Pension Drawdown Allowances
If you’re claiming, or are about to claim, pension drawdown you must adhere to both annual and lifetime allowance guidelines.
It’s very important to have a clear understanding as to what these guidelines are and how they could affect your pension drawdown.
To clarify these areas we’ve produced a guide to drawdown pension allowances which covers the following areas:
- What is my drawdown pension annual allowance?
- What is my annual allowance before I begin to take income drawdown?
- What happens to my pension drawdown if I go over my personal allowance?
- Am I allowed to carry forward any unused annual allowance from previous tax years?
- What is the tapered annual allowance?
- How does my annual allowance change once I commence income drawdown?
- How much is the pension drawdown lifetime allowance and how does it work?
- Speak to a pensions expert about income drawdown allowances
What is my drawdown pension annual allowance?
If you have contributed to a personal pension plan (also known as a defined contribution or money purchase scheme) at any time during your working life, once you reach the age of 55 you are allowed to commence taking an income from your pension fund.
The key benefit of a personal pension plan as a savings vehicle for retirement is the ability to claim tax relief on your pension contributions. The additional tax relief helps boost your pension drawdown fund at retirement and is subject to an annual allowance limit.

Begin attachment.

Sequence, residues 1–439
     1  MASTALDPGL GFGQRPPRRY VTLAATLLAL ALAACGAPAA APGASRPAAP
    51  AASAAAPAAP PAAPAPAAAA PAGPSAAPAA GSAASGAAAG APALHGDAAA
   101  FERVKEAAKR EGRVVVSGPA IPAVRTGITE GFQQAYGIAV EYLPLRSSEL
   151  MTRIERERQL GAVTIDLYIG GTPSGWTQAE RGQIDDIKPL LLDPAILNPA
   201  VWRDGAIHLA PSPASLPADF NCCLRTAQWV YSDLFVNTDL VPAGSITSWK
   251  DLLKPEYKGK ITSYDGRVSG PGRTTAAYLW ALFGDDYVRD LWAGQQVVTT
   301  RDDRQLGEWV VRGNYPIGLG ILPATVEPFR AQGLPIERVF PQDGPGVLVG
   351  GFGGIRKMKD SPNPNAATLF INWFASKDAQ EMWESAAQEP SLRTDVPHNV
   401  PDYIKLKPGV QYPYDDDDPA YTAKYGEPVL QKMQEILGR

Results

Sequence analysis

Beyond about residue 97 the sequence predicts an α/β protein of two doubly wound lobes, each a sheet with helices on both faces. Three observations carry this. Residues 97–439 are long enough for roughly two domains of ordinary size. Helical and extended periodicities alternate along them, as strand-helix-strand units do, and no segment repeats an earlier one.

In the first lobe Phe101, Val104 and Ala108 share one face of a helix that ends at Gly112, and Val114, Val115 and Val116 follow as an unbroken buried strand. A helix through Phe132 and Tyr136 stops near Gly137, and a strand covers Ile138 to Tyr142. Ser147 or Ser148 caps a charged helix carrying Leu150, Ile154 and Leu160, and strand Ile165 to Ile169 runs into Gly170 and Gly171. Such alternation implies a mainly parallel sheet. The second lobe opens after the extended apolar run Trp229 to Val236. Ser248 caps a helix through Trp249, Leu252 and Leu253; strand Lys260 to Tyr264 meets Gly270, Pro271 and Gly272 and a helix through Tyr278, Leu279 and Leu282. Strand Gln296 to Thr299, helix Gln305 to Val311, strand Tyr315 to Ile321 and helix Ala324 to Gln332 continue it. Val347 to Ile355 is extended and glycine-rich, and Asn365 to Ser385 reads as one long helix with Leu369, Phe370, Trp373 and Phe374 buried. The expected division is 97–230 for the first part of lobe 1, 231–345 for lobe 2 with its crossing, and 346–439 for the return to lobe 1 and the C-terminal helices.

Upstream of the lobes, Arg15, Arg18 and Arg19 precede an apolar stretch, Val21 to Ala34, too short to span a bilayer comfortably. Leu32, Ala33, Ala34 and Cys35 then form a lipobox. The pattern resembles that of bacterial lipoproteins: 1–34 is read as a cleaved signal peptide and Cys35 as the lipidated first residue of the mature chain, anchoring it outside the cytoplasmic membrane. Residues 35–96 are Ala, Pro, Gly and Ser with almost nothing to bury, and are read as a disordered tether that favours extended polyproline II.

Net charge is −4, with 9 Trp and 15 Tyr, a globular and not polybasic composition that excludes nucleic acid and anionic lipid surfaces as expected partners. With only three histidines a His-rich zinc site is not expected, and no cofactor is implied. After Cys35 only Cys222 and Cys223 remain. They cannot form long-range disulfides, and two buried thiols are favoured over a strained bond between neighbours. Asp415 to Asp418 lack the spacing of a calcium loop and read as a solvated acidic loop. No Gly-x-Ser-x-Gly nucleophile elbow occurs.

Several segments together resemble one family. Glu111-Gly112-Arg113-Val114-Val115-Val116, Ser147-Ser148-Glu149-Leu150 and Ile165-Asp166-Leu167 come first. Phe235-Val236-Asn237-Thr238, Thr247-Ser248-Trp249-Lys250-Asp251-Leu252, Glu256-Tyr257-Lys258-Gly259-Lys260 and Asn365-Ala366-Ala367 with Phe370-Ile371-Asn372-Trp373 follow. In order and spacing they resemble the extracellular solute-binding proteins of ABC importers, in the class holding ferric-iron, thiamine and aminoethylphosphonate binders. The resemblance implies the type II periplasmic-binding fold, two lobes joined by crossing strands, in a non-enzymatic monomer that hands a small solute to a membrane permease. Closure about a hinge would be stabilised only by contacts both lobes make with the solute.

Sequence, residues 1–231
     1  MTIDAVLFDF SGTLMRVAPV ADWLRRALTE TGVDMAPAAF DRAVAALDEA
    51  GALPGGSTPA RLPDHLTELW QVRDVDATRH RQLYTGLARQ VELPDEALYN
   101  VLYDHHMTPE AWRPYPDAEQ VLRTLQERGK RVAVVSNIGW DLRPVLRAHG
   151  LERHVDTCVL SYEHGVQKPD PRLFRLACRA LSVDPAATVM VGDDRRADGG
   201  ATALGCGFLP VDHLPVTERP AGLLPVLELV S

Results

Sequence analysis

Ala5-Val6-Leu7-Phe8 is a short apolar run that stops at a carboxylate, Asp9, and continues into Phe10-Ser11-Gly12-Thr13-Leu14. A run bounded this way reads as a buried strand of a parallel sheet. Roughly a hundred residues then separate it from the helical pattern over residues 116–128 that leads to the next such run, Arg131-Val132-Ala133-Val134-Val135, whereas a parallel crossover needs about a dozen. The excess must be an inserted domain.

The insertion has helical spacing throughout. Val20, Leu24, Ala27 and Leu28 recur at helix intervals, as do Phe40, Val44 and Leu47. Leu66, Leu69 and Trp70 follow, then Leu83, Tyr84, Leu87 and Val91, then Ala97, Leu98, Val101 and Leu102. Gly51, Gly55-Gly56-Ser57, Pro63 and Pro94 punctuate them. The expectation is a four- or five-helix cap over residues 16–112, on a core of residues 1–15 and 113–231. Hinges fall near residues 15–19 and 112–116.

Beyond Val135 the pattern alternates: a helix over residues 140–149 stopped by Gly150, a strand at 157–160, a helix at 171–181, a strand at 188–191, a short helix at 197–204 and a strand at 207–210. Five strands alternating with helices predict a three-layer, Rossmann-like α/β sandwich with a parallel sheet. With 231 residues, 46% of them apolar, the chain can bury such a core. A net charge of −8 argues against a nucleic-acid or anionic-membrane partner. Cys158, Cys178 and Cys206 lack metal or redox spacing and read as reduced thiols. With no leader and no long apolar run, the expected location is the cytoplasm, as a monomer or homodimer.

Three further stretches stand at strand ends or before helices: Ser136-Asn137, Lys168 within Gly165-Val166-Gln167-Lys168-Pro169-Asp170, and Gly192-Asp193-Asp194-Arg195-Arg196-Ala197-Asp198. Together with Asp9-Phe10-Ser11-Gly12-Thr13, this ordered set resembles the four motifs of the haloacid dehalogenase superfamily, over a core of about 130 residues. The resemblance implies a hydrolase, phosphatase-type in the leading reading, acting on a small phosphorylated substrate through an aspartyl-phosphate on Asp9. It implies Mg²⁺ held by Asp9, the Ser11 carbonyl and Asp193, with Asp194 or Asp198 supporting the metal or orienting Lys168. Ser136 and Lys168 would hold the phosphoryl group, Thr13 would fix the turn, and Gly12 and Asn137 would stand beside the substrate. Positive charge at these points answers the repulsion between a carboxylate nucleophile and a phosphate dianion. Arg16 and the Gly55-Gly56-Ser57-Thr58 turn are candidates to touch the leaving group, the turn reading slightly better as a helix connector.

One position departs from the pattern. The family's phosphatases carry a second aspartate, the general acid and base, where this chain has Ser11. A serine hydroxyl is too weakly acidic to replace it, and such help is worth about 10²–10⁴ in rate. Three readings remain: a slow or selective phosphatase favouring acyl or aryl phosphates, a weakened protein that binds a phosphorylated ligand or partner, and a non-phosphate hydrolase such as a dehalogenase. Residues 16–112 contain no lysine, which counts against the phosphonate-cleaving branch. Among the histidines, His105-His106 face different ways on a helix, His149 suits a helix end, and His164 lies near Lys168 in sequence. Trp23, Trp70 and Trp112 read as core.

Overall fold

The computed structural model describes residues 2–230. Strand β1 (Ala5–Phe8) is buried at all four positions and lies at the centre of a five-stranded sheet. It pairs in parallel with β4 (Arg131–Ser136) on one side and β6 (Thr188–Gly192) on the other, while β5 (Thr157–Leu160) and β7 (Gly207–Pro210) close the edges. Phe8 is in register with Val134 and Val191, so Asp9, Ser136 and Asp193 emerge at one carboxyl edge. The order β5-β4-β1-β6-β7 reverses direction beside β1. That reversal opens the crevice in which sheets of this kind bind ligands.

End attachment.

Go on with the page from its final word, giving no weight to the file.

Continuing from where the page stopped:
Your annual allowance will differ depending on whether you have commenced taking withdrawals from your pension drawdown or not.
What is my annual allowance before I begin to take income drawdown?
The annual allowance is a limit on the amount of contributions you can make into your defined contribution pension fund each year and still receive tax relief.
The maximum amount you are allowed to contribute to a personal pension plan and still receive tax relief is as follows:
- £2,880 (for non-taxpayers)
- 100% of annual earnings or the annual allowance (whichever is lower)
The annual allowance for pension contributions is currently £40,000 (at the time of writing ). This allowance is not per scheme – it applies to all defined contribution schemes you, your employer or any other entity may be contributing towards on your behalf.
As an example, if you earn £25,000 during this tax year and your total pension contributions are £30,000, you will only receive tax relief on £25,000. Alternatively, if you earn £50,000 this tax year you can contribute up to £40,000 and still receive tax relief for this amount.